Fun Time: TRUST YOUR GUT WITH FOOTBALL AND LIFE
Do you ever make decisions with your gut? I certainly do. My gut tells me, for example, what types of food to fill it up with. When I go to a buffet, my gut instinct is to eat all the foods that make my gut bigger and completely ignore the salad bar.
My gut also helps me decide what types of clothes to wear. Some pants, for example, are a little too tight for my gut. Unfortunately, my gut doesn’t tell me to exercise. It’s usually my brain that tells me that exercise is good for me, but my gut instinct is to sit on the couch and watch football. This may not be a bad idea, especially if I use my gut to predict the scores of football matches.
A new British study, published in the Journal of Behavioral and Experimental Economics, shows that people who rely on gut instincts make better decisions than people who second-guess themselves. My gut tells me that this was quite a gutsy study.
Three British economists looked at how well 150 people predicted the final scores of all 380 football (soccer) matches during the 2017/18 season of the English Premier League. As reported in the Washington Post, the 150 individuals made their predictions through a popular sport betting website, a total of 57,000 predictions.
The users were allowed to change their predictions up to the moment each match began, but only 6 percent of them did this—second-guessing their initial predictions. These users changed 15 of their 380 predictions on average, perhaps relying on new information, such as an injury to a top player.
The researchers found that the revised forecasts were accurate 7.7 percent of the time, whereas the unaltered forecasts were accurate 9.3 percent of the time. That may not seem like a big difference, but it means that the revised forecasts were 17 percent less accurate than the unaltered ones.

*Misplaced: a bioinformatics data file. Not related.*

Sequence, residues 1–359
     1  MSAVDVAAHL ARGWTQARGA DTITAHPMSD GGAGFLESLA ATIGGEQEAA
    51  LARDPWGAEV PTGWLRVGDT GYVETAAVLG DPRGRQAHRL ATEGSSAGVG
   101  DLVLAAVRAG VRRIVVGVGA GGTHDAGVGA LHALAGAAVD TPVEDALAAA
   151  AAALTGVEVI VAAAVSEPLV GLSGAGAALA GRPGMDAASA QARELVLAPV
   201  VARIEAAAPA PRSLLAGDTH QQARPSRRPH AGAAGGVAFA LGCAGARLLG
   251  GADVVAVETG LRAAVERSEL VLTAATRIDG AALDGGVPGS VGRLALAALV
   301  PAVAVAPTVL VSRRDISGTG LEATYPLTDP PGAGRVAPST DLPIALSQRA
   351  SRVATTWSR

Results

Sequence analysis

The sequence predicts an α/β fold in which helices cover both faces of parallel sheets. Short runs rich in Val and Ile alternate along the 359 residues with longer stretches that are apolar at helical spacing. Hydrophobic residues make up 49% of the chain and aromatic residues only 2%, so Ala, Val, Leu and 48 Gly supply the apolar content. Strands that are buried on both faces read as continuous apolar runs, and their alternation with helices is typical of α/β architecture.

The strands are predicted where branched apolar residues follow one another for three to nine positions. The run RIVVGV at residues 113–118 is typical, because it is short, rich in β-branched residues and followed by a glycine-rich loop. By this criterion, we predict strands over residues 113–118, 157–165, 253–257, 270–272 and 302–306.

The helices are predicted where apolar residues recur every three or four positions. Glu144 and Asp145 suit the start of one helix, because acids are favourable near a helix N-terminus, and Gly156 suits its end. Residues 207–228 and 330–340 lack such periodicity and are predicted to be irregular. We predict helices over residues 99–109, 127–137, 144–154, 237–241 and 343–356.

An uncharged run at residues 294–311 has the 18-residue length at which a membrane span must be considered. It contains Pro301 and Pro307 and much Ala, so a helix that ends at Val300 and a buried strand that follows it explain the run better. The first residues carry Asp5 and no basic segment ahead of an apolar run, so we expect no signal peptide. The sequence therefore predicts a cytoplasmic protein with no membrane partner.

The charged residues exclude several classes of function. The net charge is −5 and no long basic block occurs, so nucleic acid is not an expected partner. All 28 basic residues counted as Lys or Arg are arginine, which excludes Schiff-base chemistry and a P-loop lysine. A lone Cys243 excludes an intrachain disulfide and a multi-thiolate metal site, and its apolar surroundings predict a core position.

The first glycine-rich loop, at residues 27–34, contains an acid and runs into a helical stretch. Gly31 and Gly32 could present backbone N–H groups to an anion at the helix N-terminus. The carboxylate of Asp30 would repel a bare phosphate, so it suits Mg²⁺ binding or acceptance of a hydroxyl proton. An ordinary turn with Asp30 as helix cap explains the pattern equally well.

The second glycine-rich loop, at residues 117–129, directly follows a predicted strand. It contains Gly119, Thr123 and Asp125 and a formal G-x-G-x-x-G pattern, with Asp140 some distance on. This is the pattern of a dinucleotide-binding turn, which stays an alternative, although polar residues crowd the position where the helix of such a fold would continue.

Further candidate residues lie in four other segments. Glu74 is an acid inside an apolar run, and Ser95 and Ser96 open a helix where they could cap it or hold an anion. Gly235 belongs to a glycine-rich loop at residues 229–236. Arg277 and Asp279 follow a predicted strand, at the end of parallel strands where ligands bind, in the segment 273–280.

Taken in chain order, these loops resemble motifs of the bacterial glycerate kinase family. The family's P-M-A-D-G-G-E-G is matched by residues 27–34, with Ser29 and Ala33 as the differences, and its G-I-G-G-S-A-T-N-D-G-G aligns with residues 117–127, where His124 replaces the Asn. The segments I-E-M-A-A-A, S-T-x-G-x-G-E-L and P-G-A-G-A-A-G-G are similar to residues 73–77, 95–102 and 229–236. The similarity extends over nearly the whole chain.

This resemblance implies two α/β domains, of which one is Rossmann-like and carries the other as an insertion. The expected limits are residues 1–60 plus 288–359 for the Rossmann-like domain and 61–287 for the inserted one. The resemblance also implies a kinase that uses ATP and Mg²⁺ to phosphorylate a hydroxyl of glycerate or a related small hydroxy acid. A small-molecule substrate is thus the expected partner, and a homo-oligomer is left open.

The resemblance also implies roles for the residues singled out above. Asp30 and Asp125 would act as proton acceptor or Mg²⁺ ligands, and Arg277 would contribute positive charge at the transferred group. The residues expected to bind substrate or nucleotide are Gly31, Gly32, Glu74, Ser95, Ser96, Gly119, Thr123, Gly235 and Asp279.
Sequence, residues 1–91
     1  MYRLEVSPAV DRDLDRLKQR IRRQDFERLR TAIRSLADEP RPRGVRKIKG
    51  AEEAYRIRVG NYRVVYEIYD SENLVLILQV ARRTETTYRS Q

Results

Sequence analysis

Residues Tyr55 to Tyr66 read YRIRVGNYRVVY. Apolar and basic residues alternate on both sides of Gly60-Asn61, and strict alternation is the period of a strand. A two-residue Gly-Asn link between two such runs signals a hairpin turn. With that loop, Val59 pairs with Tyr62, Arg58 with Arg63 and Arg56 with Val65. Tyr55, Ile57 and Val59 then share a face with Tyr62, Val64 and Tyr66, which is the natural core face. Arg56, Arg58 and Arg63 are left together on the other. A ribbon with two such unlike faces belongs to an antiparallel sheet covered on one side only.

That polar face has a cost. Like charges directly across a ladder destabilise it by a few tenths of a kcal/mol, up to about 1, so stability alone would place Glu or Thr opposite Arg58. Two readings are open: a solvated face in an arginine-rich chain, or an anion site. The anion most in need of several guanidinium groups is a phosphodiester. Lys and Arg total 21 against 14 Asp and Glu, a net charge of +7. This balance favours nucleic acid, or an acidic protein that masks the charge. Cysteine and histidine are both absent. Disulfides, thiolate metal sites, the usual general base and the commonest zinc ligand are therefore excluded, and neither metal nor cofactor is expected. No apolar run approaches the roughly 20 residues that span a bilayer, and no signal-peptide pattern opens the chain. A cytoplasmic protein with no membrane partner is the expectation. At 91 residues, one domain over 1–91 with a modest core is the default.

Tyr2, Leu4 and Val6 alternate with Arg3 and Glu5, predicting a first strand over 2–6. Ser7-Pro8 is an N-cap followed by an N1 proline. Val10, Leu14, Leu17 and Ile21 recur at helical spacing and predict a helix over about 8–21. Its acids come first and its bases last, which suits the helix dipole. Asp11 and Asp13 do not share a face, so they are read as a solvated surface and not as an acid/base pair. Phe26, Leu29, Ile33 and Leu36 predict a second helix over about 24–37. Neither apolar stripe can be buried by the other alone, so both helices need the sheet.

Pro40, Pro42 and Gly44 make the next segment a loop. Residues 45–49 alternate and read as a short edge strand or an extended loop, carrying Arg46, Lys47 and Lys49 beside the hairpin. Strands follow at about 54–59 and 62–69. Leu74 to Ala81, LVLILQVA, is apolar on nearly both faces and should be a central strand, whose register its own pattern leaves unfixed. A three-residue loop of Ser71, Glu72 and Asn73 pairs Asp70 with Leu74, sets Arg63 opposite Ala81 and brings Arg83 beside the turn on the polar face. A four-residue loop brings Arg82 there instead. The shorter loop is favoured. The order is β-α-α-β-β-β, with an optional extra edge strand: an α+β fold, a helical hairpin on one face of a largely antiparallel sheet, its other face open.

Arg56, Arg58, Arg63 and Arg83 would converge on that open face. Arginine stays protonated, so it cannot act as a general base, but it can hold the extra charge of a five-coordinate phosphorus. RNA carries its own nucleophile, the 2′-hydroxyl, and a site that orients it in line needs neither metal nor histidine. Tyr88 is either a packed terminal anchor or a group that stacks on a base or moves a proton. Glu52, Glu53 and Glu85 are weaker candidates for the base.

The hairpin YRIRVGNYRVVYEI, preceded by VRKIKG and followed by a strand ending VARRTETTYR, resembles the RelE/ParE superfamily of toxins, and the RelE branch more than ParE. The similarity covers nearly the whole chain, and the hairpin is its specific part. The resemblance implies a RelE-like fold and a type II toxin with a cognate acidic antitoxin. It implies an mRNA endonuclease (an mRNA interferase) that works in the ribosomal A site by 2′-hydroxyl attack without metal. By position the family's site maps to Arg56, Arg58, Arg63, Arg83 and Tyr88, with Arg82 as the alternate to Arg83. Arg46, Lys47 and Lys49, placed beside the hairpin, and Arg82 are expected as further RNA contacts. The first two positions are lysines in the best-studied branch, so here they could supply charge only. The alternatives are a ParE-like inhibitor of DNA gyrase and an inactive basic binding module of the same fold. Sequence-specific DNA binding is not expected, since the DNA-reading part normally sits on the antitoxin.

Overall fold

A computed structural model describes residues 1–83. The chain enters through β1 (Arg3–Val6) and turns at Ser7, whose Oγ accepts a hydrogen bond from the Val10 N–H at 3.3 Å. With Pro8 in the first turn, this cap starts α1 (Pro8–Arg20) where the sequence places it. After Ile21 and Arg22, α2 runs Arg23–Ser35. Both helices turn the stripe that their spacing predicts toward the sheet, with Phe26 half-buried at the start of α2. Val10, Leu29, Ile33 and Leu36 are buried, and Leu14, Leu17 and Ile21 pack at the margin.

One of the biggest mistakes that second-guessers made was to expect scoring to be higher, changing a final score of 2-1 to 3-2, for example. It’s almost as if they hadn’t watched football regularly. If they had, they would have realized that the best score to predict is a 0-0 draw. (It’s so hard to get the ball into the net, especially since the goalkeeper keeps using his hands. Someone needs to remind him that the game is called “football,” not ‘’handball.”)
As the Post reported, the 150 bettors predicted a scoreless tie only 1.5 percent of the time, but it actually happens 8.4 percent of the time. In other words, there’s a one-tenth chance that spectators who attend an English Premier League match will enjoy a 90-minute nap.
So here’s the lesson for all football bettors: (1) Stick with your initial “gut” prediction; (2) If you must change your prediction, go with zero-zero.
One interesting finding in the study is that bettors who changed their forecast within a few minutes were more accurate than those who made the change after a longer period. This seems to indicate that overthinking or over-analysis is not wise in predicting football matches.
But how does this apply to life in general? Should you rely on your gut, your brain, or even your heart when making important decisions, such as whether to marry the doctor your parents have matched you with or the co-worker who makes your heart beat faster?
While the study doesn’t provide a conclusive answer, what’s clear is that you shouldn’t discount gut feelings and gut instincts, especially if you’re making a gut-wrenching decision.
Compiled and partly written by Indian humorist MELVIN DURAI, author of the novel Bala Takes the Plunge.
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